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Flipside September 2021 cover

Juniors Tori Ray, Oliver Bowles and Omar Maraikayer stand outside the cafeteria in George Washington High School on Aug. 17, before masks were made mandatory in Kanawha County schools on Aug. 20. Students are finally back in the school building, but how long will it last with the delta variant of COVID-19 rapidly infecting people?

Over the past couple of weeks, schools all across West Virginia have been opening their doors in hopes of a fresh start and a normal year.

Already, it is possible to see the repercussions for assuming that it was safe to jump back into regular schooling. Especially in terms of middle and high schools, there is a shocking lack of requirements in place for the prevention of COVID-19.

In Kanawha County, vaccinations are not required, and masks were only mandated again at the end of the second week of school. Most schools have decreased the precautions that were in place last year, lacking socially distanced spaces or altered schedules to decrease student congestion. This chance at normalcy has already turned sour as more and more cases are popping up in staff members as well as students.

As these cases emerge, administrators have been racing to contact trace and notify other students who may be at risk. High school students who can prove that they have been vaccinated are sent back to class, while those who are not able to do so must be quarantined to watch for symptoms.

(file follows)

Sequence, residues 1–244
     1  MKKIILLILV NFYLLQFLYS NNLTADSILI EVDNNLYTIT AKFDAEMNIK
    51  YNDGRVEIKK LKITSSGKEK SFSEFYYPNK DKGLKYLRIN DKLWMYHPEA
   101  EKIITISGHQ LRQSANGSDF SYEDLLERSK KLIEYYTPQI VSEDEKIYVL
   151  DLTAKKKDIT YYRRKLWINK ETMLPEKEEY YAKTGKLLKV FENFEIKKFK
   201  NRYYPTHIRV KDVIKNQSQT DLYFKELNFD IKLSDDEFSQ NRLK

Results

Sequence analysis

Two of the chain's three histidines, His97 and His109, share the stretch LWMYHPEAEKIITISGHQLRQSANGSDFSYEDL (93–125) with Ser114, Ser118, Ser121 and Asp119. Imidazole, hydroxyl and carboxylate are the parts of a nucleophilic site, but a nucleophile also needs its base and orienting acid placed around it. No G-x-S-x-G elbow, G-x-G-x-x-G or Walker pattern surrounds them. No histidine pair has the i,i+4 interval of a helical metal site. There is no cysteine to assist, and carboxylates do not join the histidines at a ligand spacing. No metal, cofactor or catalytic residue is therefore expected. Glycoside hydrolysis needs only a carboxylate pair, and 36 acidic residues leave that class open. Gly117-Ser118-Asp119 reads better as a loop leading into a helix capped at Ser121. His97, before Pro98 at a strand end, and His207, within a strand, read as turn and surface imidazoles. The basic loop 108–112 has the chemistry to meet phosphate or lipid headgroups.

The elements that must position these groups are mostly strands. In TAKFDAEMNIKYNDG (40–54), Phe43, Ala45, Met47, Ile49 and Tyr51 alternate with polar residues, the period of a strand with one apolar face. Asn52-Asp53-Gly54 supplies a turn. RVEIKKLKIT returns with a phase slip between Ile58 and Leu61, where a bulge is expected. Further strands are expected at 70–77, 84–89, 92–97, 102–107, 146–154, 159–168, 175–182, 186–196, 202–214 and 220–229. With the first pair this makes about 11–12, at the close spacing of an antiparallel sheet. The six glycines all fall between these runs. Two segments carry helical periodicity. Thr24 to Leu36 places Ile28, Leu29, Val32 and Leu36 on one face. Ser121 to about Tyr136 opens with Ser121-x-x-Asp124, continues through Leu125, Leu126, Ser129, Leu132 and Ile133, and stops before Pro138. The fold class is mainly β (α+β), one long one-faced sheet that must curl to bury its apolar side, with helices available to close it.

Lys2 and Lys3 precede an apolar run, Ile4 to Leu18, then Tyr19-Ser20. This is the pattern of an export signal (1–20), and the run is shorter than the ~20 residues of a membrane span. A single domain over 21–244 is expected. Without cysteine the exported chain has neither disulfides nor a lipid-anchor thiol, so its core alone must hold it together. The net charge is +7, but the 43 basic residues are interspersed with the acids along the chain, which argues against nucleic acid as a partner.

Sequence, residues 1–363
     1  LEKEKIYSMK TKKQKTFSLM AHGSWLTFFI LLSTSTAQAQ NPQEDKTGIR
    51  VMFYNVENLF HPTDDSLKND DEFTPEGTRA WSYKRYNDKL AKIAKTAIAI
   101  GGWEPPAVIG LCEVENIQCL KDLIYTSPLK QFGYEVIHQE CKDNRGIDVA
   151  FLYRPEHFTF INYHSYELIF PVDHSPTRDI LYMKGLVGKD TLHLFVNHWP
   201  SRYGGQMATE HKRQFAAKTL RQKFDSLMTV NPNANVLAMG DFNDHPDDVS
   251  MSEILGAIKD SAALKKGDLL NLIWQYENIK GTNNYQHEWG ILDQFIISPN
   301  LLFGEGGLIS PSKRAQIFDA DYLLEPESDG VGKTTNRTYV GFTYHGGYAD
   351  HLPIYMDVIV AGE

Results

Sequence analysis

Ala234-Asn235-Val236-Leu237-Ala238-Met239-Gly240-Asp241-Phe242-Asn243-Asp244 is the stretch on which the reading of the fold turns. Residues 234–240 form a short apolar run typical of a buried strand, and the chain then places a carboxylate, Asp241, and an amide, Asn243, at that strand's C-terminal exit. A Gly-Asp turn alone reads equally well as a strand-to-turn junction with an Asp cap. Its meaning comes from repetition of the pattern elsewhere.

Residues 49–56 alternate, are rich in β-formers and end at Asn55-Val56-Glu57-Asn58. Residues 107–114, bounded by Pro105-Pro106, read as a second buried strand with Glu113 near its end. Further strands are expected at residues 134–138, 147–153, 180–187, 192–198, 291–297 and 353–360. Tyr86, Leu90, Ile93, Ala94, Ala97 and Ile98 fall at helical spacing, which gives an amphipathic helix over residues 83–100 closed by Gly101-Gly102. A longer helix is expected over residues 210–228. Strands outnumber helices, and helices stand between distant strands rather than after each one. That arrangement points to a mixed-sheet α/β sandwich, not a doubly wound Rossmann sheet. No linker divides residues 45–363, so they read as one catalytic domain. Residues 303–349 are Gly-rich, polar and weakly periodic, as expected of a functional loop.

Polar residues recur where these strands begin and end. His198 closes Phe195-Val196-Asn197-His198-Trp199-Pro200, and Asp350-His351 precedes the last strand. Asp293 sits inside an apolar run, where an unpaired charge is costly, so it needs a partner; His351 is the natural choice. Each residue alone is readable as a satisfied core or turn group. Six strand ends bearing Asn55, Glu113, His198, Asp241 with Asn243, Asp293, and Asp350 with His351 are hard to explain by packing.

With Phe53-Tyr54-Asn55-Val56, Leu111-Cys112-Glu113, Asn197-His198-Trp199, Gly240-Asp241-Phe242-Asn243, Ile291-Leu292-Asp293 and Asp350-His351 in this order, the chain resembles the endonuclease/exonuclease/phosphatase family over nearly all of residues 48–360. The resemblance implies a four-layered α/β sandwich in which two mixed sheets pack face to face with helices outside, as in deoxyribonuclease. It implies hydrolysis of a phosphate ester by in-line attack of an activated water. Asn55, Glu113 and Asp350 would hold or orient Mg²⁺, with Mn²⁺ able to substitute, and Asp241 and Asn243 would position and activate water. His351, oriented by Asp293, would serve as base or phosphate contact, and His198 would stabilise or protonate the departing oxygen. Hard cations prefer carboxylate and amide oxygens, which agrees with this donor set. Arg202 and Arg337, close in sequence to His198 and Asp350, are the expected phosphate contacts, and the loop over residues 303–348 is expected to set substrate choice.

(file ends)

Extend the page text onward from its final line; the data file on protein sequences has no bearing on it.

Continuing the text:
While this, in theory, is a good way to handle the spread, many of the active cases come from fully vaccinated students or staff. Is it safe to send highly exposed students back into the classroom, vaccination or not?

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It is also important to consider the time delay that comes with contact tracing and waiting for test results to come back. A student may have attended school for three days before feeling ill and getting tested, so while waiting for those results, other students may have been already exposed by them and then spread it further, all before they are even able to be notified about being exposed. It’s a dangerous balance of risks, on all fronts.

Despite the climbing number of active cases, many school administrators and members of the Board of Education are determined to keep students in school this year, to the best of their ability. This comes after a year of mostly virtual and remote learning.

It is impossible to ignore the damage that online learning inflicted on the average student. It is easy to see that grades and scores were down, but more importantly, many students began to care less and less about their schoolwork and education. They no longer wanted to engage with their virtual classes or complete assignments. This shift in mindset is more damaging than any bad score.

It is clear that students need to return to a classic school experience, but it comes at the price of a surge of cases. Only time will tell how the rest of the 2021-2022 school year will play out, but it is clear that the risks of last year are still very much a force to be reckoned with.

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